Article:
The Times, Jan. 13th 2009, p.8
Teachers who take jobs at the most poorly performing schools in disadvantaged areas are to receive 'golden handcuff' payments of £10,000. The package will be available to 500 schools and will be part funded by Government and part funded by the schools themselves. The announcement comes after research by the Conservatives indicates that poorer teenagers continue to fall behind their middle-class peers.
Daily Telegraph, Jan. 15th 2009, p. 1 +2
Official figures show that around 100,000 teenagers failed to gain at least one GCSE at grade C or above in 2008. More than half of 16-year-olds, 342,000, missed gaining five good grades, including the key subjects of English and mathematics.
The Independent, Jan. 2nd 2009, p. 10
Schools are being told they must step up communications with absentee fathers to try to improve pupils' well-being and performance. Ministers will be revising school record regulations to underline the importance of keeping 'everybody with parental responsibility' aware of pupils' progress at school which in practice means sending fathers who do not live with their children copies of their end-of-term or end-of-year reports and exam results. Academics and teachers' leaders argue that more involvement by fathers in their children's education could be a key to improving the performance of boys in schools and the numbers going to university.
The Independent, Jan. 9th 2009, p. 4
Statistics show that salaries of up to £120,000 per year are failing to woo enough heads to run state schools. The percentage of schools having to re-advertise headship vacancies during the past year rose in the primary and secondary sectors. Headteachers' leaders said senior teachers and deputy heads were reluctant to apply because they felt heads were increasingly like football managers, facing the sack if their results were not good enough.
Daily Telegraph, Jan 21st 2009, p. 15
Under the Labour government's Gifted and Talented Scheme, all schools in England select the brightest pupils for extra support, weekend tuition and after-school classes. Of children selected for the scheme, 14.3% failed to get five good GCSEs in 2007.
The Independent, Jan. 16th, 2009, p.10
School league tables published by the government exposed a stark divide between state and private schools in the teaching of modern languages. The government have been criticised for making the study of modern languages optional for 14 to 16 year olds.
Children and Young People Now, Jan. 8th-14th 2009, p. 19-21
Presents results of a survey exploring the views of both young people and professionals on the new diploma qualifications introduced in September 2008, followed by interviews with six young people who have opted to take the new courses. Results show that the diplomas are not being effectively promoted by schools.
The International Journal of School Disaffection, vol. 6, no. 1, 2008, p. 5-11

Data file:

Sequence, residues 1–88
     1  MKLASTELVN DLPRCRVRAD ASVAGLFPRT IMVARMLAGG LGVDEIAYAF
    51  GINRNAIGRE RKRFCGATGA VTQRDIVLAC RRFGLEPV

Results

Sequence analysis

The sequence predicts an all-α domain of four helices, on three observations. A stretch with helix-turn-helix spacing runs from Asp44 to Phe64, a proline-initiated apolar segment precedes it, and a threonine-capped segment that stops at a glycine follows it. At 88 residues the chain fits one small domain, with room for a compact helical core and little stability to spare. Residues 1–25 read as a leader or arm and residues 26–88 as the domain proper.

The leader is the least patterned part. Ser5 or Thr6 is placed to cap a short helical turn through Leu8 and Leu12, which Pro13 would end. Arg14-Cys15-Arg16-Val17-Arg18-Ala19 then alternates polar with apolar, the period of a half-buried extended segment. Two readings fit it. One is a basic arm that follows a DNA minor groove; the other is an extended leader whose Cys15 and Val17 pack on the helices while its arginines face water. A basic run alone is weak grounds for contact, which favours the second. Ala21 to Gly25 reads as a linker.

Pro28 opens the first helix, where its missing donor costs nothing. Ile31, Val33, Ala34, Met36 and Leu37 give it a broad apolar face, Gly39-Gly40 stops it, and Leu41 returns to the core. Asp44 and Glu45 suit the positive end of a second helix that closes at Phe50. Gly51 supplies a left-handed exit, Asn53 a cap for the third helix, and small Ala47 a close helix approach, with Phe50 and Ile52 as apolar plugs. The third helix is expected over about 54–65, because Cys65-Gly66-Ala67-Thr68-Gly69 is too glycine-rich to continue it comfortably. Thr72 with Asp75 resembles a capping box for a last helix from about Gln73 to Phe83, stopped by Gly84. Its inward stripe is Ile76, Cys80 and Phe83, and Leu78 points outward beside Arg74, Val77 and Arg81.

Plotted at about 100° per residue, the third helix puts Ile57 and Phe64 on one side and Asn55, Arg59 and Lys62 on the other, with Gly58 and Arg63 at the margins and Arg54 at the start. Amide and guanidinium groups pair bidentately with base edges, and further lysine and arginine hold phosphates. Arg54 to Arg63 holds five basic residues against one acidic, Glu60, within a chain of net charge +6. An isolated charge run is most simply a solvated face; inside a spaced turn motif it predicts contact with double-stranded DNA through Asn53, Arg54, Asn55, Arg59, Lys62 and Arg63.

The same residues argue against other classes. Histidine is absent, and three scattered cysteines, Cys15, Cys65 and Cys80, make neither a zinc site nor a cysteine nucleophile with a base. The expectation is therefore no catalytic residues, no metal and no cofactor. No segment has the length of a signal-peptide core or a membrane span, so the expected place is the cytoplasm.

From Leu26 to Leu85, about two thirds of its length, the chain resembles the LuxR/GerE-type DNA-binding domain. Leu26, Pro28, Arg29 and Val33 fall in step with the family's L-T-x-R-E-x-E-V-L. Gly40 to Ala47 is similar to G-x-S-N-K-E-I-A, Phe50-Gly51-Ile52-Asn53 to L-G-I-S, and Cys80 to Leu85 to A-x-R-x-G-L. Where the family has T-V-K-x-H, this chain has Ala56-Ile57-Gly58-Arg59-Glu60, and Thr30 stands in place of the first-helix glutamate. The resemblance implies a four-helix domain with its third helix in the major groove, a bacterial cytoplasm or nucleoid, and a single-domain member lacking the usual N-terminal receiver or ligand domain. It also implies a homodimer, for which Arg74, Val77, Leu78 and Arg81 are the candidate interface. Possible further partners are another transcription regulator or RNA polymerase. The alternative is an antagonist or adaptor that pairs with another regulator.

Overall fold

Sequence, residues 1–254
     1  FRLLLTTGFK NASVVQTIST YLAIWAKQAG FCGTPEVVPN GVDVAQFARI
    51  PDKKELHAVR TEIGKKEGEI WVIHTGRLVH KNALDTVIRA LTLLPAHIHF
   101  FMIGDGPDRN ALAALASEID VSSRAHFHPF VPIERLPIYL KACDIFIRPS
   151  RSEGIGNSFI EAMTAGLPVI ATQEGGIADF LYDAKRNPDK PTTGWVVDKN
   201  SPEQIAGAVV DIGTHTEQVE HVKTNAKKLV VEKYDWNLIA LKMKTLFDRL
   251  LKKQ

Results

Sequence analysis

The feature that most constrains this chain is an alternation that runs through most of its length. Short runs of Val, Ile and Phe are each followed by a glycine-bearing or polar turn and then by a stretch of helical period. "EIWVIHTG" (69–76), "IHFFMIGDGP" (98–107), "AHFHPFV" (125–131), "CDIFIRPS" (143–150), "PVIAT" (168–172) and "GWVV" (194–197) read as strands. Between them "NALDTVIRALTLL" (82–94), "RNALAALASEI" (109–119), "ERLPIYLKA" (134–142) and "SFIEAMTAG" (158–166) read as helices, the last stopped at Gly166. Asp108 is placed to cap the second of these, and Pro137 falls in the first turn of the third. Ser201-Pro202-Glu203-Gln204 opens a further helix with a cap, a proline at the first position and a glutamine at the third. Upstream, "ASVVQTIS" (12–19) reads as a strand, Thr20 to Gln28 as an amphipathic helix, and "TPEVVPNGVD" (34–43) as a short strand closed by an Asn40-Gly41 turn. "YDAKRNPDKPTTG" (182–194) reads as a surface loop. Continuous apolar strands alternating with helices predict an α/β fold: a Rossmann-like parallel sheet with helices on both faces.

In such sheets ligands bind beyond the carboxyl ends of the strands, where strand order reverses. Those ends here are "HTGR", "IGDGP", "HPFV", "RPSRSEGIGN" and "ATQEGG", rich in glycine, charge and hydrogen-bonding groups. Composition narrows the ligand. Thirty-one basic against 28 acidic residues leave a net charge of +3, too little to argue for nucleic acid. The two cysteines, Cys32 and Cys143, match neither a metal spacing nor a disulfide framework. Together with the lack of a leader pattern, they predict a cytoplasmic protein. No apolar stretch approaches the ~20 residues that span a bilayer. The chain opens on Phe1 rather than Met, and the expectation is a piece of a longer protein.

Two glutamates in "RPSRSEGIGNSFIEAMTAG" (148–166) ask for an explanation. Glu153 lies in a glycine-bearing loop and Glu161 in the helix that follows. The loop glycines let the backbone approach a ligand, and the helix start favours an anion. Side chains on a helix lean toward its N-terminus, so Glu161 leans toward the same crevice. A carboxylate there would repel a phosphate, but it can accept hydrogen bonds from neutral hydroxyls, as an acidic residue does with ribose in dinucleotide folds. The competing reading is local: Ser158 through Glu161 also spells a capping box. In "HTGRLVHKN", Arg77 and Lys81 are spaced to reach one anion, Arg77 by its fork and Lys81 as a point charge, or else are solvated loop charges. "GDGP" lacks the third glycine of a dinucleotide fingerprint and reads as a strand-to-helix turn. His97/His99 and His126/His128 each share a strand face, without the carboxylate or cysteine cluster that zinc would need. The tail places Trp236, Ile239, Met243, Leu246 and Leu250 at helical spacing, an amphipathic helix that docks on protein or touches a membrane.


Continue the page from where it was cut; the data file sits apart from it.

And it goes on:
Government initiatives in the UK have led to some innovative approaches for the support of young people who may be at risk of exclusion, disaffection or disengagement from the education system. This paper describes one such initiative, the use of family workers in schools, and considers how service users perceived this system. Research was conducted over a period of 18 months in two English secondary schools and semi-structured, face-to-face interviews were conducted with key stakeholders and providers involved in the schools including students, teachers, headteachers, parents, professionals from other agencies, other school staff and local authority representatives. The work in the schools reported in this paper indicates that the deployment of family workers has had a positive impact on ensuring that students perceived as vulnerable and at risk both remain within the education system and develop a more positive attitude to schooling.
W. Mansell and G. Paton
Daily Telegraph, Jan. 14th 2009, p. 6
Edexcel has produced teachers' guides promising to give pupils 'more accessible' questions. This disclosure led to criticisms that the board was competing for schools' business by promising easier examinations and better results than their rivals.
T. Clark & P. Curtis
The Guardian, Jan. 20th 2009, p. 7
Last summer saw the 26th consecutive increase in A-level pass rates, with the proportion of students achieving an A rising to 25.9%. Three national exam boards have been accused of spinning last summer's results in a 'desperate' attempt to convince the public that achieving a top grade is not becoming easier.
ChildRight, issue 252, 2009, p. 27-29
Gives an overview of the development of the school transport system in England since its introduction in the 1940s. School transport provision in England is niggardly by international standards and numbers of children eligible for free services is falling. The fundamental problem is the constant redirection of funding to other causes, leading to an increased walking distance and fewer students entitled to free transport.
The Times, Jan. 16th, 2009, p.25
The Children's Secretary, Ed Balls has criticised an 'excuses culture' which blames poor school performance on poverty and has emphasized the importance of strong school leadership for improving results in schools with a high number of pupils from disadvantaged areas. His comments have been heavily criticised by teachers' groups and unions as well as the Child Poverty Action Group.